The marathon contest saw the Orioles last take the lead in the seventh inning thanks to a pair of Tribe infield errors. Machado reached on shortstop Asdrubal Cabrera's one-out fielding error and Adam Jones' tailor made double play was fielded by third baseman Santana and thrown into the outfield.

After Indians reliever Mark Lowe intentionally walked Chris Davis, red-hot Nelson Cruz delivered a sacrifice fly to score Machado and extend his team lead in RBIs to 42.

But the lead was short-lived as right-hander Darren O'Day served up a solo homer to pinch-hitter Lonnie Chisenhall one out into the eighth. O'Day, called on after lefty Brian Matusz struck out Michael Brantley, recorded a pair of strikeouts after that, and lefty Zach Britton threw two scoreless innings to follow.

Righty Preston Guilmet, recalled before the game, threw 2 1/3 scoreless innings against his former club before handing the ball off to Patton.

"Guilmet looked amazing. He was locating very well," Patton said. "Obviously, Britton did a great job, too. I don't know how many innings I would have thrown there, but it was my job to throw as many as I can. I was in trouble from the start."

Oriole starter Wei-Yin Chen pitched better than his final line indicated in the no-decision, going 6 2/3 innings and allowing five runs. Chen gave the Indians an early three-run cushion, but he settled in after that to retire 10 straight after Swisher's leadoff single in the fourth.

The lefty ran into trouble in the seventh as Chen was charged with two runs and exited to scattered applause. The Tribe got their first hit since Swisher's in the fourth on Gomes' one-out single and Santana sent a ball under Ryan Flaherty's glove at second base to put runners on the corners.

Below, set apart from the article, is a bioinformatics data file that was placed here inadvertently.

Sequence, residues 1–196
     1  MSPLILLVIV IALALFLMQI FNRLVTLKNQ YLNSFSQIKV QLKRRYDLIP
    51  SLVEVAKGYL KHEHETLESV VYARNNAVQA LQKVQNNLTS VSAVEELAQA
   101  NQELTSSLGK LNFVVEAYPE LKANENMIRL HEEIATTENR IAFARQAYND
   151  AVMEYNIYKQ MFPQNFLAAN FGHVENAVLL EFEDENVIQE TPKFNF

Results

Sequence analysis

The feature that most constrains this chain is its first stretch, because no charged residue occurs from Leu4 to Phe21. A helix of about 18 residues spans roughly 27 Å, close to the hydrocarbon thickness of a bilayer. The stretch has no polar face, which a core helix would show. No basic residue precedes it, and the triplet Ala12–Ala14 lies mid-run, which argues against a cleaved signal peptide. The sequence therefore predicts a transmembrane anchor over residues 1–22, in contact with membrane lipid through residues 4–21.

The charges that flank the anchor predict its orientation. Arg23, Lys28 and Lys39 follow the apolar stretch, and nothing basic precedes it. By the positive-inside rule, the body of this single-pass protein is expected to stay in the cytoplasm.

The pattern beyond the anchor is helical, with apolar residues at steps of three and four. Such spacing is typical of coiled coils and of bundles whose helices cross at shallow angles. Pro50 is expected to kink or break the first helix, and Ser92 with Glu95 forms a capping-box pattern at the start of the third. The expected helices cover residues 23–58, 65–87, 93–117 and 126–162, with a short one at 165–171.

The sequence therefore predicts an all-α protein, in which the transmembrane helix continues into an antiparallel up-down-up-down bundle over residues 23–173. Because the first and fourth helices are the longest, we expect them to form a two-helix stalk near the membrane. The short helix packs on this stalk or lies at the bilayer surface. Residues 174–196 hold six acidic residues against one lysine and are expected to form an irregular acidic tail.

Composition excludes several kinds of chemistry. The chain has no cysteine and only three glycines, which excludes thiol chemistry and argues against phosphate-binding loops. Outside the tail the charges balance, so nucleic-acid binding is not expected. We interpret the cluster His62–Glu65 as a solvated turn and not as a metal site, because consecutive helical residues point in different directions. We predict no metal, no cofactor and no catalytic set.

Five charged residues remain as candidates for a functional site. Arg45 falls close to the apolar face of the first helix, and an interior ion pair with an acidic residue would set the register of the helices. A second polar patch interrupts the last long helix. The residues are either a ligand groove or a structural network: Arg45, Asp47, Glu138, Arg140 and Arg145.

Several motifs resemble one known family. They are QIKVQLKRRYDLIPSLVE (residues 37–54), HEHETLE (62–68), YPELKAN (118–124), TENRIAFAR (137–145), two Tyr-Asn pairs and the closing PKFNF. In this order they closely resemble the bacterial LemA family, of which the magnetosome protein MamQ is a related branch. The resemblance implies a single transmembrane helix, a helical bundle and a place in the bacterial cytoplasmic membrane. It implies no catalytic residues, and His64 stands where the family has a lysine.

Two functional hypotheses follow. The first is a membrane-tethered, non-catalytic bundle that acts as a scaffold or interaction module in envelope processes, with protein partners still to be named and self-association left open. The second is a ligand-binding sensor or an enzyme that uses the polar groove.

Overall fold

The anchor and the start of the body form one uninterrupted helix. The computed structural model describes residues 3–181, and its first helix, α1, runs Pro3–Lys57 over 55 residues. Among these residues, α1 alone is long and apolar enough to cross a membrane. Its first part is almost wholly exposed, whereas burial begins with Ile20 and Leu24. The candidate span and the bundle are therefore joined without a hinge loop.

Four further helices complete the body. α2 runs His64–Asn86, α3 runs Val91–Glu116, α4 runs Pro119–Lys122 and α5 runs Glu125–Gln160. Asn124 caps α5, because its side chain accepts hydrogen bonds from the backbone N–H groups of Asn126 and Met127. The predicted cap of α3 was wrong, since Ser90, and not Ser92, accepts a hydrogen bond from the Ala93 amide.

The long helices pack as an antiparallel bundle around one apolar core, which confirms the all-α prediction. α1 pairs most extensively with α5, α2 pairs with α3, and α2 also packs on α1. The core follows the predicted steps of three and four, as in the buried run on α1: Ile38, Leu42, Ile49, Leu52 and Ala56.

Flaherty bobbled the following grounder and was able to get the out at first, but Gomes scored in the process. Mike Aviles tied things up and Chen exited in favor of Matusz.

"I thought he deserved a lot better fate," Showalter said. "He was pretty sharp. I thought his breaking ball was sharper. We had a passed ball that cost him. I don't know what they scored it, but Stevie's [Clevenger] pretty good at that, and just slipped through. But he pitched well enough to win. You score seven runs, you like your chances, but we just couldn't get a couple key outs there."

The Orioles finally broke through off Indians starter Justin Masterson, pitching on three days rest, in the sixth inning.

After putting runners on in each of the first four innings and leaving the bases loaded in the fifth, the O's capitalized on some miscommunication in the Indians outfield to get a leadoff double from Adam Jones. Jones advanced to third on a wild pitch and, after Cruz walked, Clevenger sent a ball up the middle to cut the deficit to two. J.J. Hardy followed with an RBI single into center before Flaherty took a 2-1 pitch deep for his first homer of the season.